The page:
Eating at a restaurant with a group of friends and not liking the food at all is the worst feeling - you went to the restaurant because a few people in the group said it was a good place to go to and now you're left sitting there awkwardly as the others enjoy the food and you just cannot. We wanted to create a regression model based on a dataset of past reviews and past meals we'd eaten to successfully determine an optimal restaurant to go to for a group of people and eat easy.
What it does
eatsy is a regression model that models what preferences are important to individual users and extrapolates this data to recommend a restaurant that satisfies the preferences for a group of users. It takes into account reviews on other online platforms and user-specific preferences and past experiences to find the perfect restaurant for everyone.
- Models with all the data in Yelp's open dataset that holds information on 200,000 businesses, over 6 million reviews, and 1.6 million users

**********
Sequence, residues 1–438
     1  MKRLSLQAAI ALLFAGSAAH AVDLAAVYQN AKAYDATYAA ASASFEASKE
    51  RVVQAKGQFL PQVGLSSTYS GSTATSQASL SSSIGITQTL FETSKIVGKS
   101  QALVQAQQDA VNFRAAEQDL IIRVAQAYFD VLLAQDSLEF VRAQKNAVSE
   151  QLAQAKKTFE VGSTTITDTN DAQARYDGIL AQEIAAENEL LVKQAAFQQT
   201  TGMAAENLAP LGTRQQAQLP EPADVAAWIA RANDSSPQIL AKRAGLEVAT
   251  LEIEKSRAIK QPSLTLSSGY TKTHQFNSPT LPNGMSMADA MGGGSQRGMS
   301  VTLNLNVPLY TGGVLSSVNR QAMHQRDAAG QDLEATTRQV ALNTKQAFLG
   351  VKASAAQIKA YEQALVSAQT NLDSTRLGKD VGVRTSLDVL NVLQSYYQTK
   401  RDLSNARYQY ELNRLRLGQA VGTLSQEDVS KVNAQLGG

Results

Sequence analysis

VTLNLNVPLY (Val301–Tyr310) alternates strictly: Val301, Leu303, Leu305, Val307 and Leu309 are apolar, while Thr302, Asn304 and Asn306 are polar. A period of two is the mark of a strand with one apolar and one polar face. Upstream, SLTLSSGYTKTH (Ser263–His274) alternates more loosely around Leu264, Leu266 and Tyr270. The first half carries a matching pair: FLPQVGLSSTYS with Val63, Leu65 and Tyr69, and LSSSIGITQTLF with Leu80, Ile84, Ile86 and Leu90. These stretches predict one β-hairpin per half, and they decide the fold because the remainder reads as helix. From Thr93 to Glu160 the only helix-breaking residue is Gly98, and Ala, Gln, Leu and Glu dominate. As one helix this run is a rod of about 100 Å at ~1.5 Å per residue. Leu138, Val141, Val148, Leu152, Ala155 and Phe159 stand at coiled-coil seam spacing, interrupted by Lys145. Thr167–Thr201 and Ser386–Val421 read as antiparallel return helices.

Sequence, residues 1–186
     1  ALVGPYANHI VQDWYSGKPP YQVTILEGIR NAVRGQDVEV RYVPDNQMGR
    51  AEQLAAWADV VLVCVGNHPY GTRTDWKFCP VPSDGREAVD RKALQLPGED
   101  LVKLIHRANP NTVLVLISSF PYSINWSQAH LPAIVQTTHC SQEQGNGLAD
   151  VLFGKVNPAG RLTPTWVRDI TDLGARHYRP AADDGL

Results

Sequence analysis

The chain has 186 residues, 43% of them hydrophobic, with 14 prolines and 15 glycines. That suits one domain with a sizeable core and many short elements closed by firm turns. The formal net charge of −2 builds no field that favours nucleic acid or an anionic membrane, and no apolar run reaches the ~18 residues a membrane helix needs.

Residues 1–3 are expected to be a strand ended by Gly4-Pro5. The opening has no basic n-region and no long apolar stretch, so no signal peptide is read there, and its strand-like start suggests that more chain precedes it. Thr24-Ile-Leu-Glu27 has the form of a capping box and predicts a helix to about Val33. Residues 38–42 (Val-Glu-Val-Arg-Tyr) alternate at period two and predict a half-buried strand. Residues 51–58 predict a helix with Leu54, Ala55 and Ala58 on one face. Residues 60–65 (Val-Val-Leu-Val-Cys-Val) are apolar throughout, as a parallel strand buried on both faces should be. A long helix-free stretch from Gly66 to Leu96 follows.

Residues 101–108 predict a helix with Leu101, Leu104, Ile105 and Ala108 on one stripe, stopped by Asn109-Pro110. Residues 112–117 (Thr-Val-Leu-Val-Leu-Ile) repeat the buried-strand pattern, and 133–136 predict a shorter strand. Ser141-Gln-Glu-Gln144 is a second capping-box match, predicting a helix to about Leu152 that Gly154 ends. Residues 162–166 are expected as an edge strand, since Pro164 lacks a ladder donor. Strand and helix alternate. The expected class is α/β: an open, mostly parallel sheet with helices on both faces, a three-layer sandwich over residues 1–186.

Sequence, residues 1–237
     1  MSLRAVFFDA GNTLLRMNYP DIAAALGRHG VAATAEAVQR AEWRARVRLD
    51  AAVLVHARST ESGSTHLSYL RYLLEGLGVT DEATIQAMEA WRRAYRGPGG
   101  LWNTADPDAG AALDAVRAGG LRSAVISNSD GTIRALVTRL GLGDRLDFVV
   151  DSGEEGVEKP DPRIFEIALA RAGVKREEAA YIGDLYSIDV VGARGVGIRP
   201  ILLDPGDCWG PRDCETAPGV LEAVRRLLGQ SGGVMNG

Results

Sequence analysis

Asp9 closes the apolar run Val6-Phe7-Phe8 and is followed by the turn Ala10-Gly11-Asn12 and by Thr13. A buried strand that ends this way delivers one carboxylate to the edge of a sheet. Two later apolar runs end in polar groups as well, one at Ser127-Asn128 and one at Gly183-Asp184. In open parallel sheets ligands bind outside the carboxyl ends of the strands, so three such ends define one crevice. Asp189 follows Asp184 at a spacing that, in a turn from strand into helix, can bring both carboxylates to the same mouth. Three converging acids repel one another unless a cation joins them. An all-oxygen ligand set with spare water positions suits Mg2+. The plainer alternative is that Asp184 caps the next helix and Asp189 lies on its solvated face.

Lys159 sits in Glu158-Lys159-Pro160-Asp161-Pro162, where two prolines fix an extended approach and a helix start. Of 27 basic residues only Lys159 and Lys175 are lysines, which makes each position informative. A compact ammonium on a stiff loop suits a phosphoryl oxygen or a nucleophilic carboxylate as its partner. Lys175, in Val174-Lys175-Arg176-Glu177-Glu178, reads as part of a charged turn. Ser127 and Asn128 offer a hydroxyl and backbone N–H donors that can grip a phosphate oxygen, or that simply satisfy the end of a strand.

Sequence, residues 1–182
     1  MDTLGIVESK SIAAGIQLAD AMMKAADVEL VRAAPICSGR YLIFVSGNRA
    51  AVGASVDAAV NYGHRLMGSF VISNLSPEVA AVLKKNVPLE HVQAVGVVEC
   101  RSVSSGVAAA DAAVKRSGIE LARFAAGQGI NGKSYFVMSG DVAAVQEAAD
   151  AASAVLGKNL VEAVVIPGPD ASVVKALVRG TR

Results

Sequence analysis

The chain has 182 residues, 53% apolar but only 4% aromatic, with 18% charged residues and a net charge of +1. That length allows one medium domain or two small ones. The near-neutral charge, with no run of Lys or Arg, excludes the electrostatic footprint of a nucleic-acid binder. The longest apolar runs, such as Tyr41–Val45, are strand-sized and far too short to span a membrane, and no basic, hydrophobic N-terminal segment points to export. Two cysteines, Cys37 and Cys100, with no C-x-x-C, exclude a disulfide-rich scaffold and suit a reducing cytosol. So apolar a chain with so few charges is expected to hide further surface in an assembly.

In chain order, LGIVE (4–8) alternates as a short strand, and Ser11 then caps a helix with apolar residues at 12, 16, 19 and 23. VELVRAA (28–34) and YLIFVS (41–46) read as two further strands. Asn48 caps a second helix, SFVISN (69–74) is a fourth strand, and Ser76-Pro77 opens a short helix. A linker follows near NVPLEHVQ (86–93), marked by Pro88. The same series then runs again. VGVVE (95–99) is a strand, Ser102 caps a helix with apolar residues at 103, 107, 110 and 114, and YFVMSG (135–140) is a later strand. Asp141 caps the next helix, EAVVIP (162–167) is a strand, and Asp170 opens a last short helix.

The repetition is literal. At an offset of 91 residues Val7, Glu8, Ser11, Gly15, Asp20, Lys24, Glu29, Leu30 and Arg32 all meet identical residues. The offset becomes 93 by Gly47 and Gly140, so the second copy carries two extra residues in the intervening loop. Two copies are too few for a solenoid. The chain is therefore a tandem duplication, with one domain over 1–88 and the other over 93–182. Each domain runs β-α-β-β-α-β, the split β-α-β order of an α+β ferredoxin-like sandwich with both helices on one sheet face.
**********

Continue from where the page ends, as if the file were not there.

- Implements machine learning techniques to predict the importance of certain preferences to a user
- Combines the importance of preferences of every user in a group optimally
- Uses a logistic regression model to calculate a score for each restaurant given a group of users
- Selects the top five restaurants that produce the highest scores for the group of users
How I built it
Logistic regression with Sklearn, Extracting data from Yelp dataset with Json, Flask to present findings.
Challenges I ran into
Parsing through large amounts of data to train the regression model.
Accomplishments that I'm proud of
Building an in-depth regression model that resourcefully uses Yelp's open dataset. Learning new tools, and producing results that people can use on a daily basis.
What's next for eatsy
Incorporating regression analysis using categorical variables.